By Francis Kokutse, in Accra, Ghana
Francis Kokutse is a journalist based in Accra and writes for Associated Press (AP), University World News, as well as Science and Development.Net. He was a Staff Writer of African Concord and Africa Economic Digest in London, UK.
If only African leaders would listen to their technocrats and others, who talk about solutions to the continent’s problems, Africa would have long solved whatever is keeping it back. Unfortunately, they don’t and so, what at all will jolt them to listen?
Four years ago, the Alliance for Green Revolution in Africa’s president, Agnes Kalibata, helped to launch the African Agriculture Status Report (AASR 2018) and among other things, it was said that the lack of political will was preventing African countries from following the lead of their Asian counterparts in using agriculture to spark widespread economic growth.
Kalibata said at the time that, with the political will to support agriculture, African countries would have been able to “pair it with compelling visions, strategies and related implementation capacity for transforming their poorly performing farms.” She said experience and lessons have shown that with support, there could be change on the continent, adding that it was possible for this to be done through a well-planned and coordinated approach to use resources in the public domain to build systems and institutions.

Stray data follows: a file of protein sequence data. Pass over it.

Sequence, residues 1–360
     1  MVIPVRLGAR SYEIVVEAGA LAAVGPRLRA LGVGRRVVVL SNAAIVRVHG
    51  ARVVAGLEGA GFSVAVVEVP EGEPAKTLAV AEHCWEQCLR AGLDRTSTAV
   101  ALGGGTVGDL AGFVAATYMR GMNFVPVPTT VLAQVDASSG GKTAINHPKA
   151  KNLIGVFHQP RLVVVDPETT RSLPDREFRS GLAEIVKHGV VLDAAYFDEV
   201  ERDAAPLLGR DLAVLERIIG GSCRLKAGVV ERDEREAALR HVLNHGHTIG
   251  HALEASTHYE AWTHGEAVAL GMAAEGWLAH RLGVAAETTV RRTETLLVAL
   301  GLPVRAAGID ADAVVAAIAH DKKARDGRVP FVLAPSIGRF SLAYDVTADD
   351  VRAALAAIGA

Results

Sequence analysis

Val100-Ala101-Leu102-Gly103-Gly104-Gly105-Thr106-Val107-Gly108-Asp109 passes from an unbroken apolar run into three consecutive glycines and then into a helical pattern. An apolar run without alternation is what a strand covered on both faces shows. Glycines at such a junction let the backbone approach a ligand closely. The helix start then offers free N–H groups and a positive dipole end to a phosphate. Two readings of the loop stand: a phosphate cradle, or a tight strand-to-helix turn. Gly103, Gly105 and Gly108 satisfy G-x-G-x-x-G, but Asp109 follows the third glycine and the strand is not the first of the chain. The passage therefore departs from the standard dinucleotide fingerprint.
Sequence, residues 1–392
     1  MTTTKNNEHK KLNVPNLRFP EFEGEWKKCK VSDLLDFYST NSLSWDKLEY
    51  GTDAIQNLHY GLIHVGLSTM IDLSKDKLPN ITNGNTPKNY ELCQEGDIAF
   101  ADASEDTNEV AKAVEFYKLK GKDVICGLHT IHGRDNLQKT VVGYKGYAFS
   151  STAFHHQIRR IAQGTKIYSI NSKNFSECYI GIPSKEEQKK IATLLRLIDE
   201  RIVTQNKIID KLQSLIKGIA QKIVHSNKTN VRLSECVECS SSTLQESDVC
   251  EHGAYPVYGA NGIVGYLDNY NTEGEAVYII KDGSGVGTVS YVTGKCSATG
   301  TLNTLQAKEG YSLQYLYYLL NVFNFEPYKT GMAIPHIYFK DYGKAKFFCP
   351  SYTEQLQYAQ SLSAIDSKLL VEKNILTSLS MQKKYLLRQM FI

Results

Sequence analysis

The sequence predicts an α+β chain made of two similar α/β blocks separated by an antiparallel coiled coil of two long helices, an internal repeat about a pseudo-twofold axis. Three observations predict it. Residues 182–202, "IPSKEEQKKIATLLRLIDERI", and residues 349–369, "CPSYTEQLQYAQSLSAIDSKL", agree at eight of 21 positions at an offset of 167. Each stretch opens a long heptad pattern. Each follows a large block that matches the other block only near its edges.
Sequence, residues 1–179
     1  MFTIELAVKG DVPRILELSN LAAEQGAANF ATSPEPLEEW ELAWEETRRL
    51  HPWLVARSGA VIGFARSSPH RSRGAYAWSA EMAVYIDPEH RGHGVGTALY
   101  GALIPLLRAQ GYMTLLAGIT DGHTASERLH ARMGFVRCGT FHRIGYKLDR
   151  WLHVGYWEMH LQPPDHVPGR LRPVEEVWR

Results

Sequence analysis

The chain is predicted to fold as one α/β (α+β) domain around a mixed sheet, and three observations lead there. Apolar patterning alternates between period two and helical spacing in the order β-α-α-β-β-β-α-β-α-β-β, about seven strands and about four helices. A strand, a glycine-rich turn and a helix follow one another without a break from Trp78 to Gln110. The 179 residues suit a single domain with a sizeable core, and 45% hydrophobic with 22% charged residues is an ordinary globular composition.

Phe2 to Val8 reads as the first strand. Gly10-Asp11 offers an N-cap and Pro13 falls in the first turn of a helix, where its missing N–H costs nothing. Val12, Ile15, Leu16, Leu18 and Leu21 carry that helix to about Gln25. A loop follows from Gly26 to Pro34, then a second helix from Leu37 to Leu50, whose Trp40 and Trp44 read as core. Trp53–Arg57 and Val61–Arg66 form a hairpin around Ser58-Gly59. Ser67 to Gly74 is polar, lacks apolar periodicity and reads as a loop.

“Governments are definitely central to driving an inclusive agriculture transformation agenda. This body of work recognizes their role and aims to highlight the value of strengthening country planning, coordination and implementation capacity while supporting the development of an effective private sector and enabling regulatory environment,” Kalibata said.
It looked like African leaders did not pay attention at the time because the AASR said, “catalyzing state capacity to drive agricultural transformation,” is the most comprehensive assessment to date of the role of state capacity and political will in achieving that “transformation,” a catch-all term for work required to boost production and incomes on the millions of small, family farms that grow most of Africa’s food — but where output often lags far below global averages.